I’m in the lobby of the dentist’s office during back-to-back cleanings and exams for all six kids, reading Pilgrim at Tinker Creek while Aerosmith chants “Dream On” from the speaker in the ceiling. Four appointments down, two to go — and Vin brings me coffee from Kaladis and baked goods from Starbucks to help get me through the last hour. I guess he could’ve gotten them both from the same place…but we had a gift card to use, and friends don’t let friends drink Starbucks.
So far, we’ve scored one cavity and one referral to an oral surgeon. I’m fighting a little fear over that last point but counting my blessings that we’ve made it over two and a half years without any major medical issues. Most of the families we know who have adopted more than one kiddo from the same place as ours have already dealt with at least one major surgery, and I’d almost think we lucked out if it weren’t for the attachment issues that provided enough heartbreaking material to write a small book out of. We’re not sure what we’re dealing with aside from facial swelling, a biopsy, adult teeth overlapping somewhere near Andrey’s sinuses, and words like possible cyst and extraction…but we’re certain it has something to do with those first years of starving and neglect, when there just weren’t enough nutrients to build bone structure to properly fit future adult teeth.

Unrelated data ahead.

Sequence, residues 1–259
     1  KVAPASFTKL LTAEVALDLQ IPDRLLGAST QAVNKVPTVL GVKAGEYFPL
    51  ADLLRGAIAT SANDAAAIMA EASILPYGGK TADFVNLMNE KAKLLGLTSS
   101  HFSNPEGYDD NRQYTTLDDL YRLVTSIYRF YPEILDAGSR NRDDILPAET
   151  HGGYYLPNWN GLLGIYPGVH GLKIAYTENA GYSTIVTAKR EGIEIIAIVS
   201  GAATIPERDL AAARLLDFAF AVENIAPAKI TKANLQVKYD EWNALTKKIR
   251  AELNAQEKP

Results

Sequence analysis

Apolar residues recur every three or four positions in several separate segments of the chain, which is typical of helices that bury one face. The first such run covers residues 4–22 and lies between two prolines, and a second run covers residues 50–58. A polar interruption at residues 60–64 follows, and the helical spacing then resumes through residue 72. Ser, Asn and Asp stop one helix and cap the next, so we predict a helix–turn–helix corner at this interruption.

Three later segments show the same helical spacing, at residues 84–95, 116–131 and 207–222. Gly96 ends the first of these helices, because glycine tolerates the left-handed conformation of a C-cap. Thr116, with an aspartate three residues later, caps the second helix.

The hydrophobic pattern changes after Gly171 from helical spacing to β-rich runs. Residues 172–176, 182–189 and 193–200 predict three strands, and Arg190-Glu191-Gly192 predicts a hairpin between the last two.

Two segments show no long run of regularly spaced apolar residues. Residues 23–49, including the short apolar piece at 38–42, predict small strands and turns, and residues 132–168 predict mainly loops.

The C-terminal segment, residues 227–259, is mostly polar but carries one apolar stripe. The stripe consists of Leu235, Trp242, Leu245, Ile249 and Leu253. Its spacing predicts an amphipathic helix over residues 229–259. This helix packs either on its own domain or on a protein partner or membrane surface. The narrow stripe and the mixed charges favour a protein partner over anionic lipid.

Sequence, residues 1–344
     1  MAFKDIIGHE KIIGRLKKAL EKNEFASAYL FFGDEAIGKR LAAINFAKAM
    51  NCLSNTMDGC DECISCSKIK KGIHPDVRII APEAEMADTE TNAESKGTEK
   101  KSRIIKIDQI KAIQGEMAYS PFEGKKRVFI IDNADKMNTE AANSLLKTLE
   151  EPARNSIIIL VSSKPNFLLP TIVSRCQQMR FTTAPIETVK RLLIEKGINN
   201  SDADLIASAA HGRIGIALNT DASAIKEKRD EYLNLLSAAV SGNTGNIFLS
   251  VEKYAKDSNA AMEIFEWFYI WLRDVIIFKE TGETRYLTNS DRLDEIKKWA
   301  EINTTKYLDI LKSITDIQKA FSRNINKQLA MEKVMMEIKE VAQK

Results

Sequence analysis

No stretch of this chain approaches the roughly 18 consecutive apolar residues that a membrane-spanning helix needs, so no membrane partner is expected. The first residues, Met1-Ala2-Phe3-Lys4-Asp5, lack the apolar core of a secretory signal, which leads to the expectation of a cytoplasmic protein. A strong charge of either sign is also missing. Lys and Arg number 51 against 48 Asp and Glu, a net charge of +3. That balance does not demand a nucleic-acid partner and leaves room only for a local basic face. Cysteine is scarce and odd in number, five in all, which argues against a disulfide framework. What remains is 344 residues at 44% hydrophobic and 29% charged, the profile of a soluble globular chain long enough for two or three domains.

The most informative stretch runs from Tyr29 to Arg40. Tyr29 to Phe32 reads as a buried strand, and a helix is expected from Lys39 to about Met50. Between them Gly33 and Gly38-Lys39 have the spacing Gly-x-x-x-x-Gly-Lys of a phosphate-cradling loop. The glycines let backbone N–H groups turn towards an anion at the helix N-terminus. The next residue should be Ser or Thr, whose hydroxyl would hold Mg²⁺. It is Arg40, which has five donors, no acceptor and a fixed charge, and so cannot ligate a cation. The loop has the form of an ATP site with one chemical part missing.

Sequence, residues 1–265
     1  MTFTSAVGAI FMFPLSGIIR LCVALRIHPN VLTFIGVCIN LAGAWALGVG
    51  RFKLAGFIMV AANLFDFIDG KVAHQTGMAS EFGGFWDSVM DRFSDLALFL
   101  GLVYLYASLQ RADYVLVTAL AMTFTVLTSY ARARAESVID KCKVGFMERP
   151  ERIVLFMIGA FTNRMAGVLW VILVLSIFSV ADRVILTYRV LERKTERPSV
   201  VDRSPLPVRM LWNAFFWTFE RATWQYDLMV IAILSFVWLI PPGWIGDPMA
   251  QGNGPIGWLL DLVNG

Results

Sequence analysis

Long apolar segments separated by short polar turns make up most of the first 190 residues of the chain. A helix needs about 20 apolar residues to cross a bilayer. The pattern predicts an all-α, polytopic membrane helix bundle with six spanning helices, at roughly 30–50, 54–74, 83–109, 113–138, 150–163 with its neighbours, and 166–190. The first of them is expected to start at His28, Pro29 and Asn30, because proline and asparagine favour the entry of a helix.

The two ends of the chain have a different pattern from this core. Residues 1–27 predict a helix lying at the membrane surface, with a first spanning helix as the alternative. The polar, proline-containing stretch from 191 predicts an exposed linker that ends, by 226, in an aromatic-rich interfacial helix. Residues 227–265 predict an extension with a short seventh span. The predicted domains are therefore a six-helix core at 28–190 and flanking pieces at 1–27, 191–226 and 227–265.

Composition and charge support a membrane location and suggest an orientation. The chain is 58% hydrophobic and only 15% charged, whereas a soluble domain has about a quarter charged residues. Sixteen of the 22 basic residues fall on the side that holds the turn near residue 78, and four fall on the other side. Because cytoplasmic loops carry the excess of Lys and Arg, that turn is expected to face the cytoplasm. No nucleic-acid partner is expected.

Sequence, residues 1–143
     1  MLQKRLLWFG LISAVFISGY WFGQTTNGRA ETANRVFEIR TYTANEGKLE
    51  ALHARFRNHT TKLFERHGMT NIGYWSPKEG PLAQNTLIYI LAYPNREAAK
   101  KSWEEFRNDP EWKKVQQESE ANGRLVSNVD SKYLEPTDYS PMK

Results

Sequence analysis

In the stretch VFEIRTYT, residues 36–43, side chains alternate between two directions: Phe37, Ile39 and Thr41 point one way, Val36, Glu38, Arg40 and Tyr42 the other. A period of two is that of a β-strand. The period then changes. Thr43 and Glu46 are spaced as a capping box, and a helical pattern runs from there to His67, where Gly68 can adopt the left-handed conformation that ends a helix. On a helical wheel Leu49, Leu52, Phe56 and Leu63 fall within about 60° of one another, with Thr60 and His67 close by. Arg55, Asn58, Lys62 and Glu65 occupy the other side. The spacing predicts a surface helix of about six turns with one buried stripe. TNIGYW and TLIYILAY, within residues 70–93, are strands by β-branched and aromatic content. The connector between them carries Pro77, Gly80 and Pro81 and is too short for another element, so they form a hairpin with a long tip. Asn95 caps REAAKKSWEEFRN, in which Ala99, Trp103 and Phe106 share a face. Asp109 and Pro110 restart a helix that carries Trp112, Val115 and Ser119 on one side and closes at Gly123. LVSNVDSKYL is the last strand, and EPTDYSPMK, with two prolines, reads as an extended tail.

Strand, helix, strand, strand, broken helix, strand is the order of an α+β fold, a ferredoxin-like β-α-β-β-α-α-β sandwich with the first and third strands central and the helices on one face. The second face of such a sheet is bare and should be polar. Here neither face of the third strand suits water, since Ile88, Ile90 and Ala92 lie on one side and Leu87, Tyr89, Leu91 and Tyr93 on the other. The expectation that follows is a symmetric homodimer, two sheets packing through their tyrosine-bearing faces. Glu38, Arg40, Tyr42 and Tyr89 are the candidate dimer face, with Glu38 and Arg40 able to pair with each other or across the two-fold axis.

In the speaker overhead, Queen is singing about this crazy little thing called love…and the irony isn’t lost on me, though I grew up on Dwight Yoakum and prefer his version.
When we get home, we’ll call the surgeon’s office. Make an appointment for a consultation. Briefly explain attachment issues to a whole new team of professionals in attempt to avoid regression. Brace ourselves for whatever comes next.
But for now, I’m reading about the anxiety of unknowing: When will this end? When will it get better? What happens next? And I notice the irony here, too:
I wonder how long it would take you to notice the regular recurrence of the seasons if you were the first man on earth. What would it be like to live in open-ended time broken only by days and nights? ….how long would you have to live on earth before you could feel with any assurance that any one particular long period of cold would, in fact, end?
“While the earth remaineth, seedtime and harvest, and cold and heat, and summer and winter, and day and night shall not cease”: God makes this guarantee very early in Genesis to a people whose fears on this point had perhaps not been completely allayed.
– Annie Dillard, Pilgrim at Tinker Creek
And while the last two kids get their teeth cleaned, I read more about trees and water and fear and assurance, munching on a croissant in the lobby while trying not to make a mess. It’s probably the worst possible thing to attempt this with; the bark of the pastry has flaked all over me, the chair, and the floor. It would be more efficient to just rip the thing wide open and fling crumbs everywhere, since that’s what it looks like I’ve done anyway.